Regional Reviews: Minneapolis/St. Paul
TLA's actors use their bodies not only to portray people, but as every part of what needs to be seen and heard on stage. In The Devout, when trees are needed, actors gracefully spread their arms in varied poses and, voila, trees. A scene calls for a pit of snakes, and actors writhe in reptilian rhythms, their tongues reaching upward. A door separates the interior of a cottage from its yard: the actors make a creaking sound that tells us the door is being open and closed as they pass through. A group of worshipers hold candles during a sacred ceremonywe know this because the actors cup their hands together with fingers flickering upward in a manner that could only be the dancing flames of a candle.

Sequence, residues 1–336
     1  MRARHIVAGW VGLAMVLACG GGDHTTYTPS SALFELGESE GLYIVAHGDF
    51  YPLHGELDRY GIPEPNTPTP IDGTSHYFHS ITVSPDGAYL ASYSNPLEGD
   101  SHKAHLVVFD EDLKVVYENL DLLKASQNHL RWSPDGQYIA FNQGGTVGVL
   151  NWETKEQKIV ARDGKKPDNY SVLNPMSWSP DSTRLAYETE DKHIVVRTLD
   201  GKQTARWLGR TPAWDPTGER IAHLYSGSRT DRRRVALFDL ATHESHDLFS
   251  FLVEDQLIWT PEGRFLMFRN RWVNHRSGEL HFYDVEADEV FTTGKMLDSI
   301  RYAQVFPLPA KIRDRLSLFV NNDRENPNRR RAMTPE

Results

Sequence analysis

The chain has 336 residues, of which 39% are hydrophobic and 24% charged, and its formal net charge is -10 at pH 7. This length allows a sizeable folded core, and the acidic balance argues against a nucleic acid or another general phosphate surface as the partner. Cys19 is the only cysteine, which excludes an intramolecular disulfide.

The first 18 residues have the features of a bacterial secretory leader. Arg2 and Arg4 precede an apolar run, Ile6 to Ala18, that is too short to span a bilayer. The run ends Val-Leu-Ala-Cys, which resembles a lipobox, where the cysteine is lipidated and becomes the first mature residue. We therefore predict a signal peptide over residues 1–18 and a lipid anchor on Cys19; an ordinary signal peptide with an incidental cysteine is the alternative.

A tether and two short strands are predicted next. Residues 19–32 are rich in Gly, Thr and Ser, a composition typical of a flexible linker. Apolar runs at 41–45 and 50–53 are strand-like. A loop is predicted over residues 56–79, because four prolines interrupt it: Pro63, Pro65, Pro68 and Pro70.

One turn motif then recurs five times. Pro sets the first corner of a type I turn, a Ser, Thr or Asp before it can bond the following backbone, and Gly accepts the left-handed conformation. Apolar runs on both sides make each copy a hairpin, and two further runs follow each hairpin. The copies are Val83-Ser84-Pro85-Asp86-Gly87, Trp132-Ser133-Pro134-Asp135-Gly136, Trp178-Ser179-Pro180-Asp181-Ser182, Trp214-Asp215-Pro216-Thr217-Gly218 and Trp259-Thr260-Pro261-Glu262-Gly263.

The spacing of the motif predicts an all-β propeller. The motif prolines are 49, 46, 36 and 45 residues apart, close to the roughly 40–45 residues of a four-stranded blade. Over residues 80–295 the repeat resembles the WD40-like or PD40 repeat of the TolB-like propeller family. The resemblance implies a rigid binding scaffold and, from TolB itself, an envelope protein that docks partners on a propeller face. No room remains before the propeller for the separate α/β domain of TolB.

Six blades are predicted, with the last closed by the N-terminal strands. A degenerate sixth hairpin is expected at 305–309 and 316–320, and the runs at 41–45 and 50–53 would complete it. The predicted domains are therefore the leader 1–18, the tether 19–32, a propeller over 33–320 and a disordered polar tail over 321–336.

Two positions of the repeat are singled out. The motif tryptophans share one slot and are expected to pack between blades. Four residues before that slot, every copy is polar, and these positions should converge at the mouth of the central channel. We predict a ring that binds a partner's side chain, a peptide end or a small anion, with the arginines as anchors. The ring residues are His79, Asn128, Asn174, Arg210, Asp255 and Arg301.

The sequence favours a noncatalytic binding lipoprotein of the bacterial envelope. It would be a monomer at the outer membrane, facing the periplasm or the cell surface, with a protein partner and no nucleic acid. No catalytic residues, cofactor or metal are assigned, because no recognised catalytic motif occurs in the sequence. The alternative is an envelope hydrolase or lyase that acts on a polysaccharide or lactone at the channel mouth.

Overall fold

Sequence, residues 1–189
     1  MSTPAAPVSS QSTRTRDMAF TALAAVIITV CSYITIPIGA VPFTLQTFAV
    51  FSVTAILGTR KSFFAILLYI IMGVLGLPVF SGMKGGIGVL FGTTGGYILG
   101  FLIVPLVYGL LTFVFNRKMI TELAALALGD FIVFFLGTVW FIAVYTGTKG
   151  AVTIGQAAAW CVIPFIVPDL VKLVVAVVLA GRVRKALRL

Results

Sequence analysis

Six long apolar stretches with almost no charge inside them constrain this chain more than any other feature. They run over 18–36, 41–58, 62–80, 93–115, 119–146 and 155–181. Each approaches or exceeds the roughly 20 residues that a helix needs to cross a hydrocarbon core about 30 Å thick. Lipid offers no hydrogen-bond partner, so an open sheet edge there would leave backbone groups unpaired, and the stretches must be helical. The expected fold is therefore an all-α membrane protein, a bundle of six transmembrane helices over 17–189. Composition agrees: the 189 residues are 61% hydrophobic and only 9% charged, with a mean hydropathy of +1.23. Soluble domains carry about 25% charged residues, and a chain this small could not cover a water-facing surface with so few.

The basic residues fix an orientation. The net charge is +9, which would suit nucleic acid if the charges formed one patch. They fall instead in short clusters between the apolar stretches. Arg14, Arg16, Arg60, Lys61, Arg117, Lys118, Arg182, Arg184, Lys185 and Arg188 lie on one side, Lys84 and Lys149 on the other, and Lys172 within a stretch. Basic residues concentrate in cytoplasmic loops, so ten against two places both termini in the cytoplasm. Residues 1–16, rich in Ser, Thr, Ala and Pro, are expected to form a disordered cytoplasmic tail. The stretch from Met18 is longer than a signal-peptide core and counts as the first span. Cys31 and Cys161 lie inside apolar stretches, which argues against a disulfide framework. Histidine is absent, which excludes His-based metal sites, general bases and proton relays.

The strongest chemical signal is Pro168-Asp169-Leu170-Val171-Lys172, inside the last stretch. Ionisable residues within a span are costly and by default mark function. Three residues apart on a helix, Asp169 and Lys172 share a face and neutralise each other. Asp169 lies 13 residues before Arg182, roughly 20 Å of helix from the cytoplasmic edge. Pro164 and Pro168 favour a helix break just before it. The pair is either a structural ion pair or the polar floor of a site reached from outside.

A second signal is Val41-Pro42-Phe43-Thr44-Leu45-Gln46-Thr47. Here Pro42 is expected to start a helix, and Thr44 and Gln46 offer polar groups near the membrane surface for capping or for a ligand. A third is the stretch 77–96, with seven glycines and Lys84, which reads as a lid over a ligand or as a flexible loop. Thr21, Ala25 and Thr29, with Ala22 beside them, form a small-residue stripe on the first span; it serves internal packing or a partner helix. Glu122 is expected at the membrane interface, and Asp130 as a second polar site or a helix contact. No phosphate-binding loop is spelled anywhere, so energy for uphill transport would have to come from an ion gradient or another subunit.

As far as imagining new worlds together, TLA has transported audiences to the desolation of the Dust Bowl, to immigrant tenements and sweatshops of early 1900s New York, to the lives of ruthless prohibition bootleggers, to the locked-in world of a coma-afflicted woman, and on a riotous pirate adventure. The Devout travels furthest back in time, to ancient Greece, where a commune of women who worship Athena, the goddess of war, domestic arts, and wisdom, live and work together as sisters in a temple atop a rocky crag that sits below the summit from which Athena wields her power.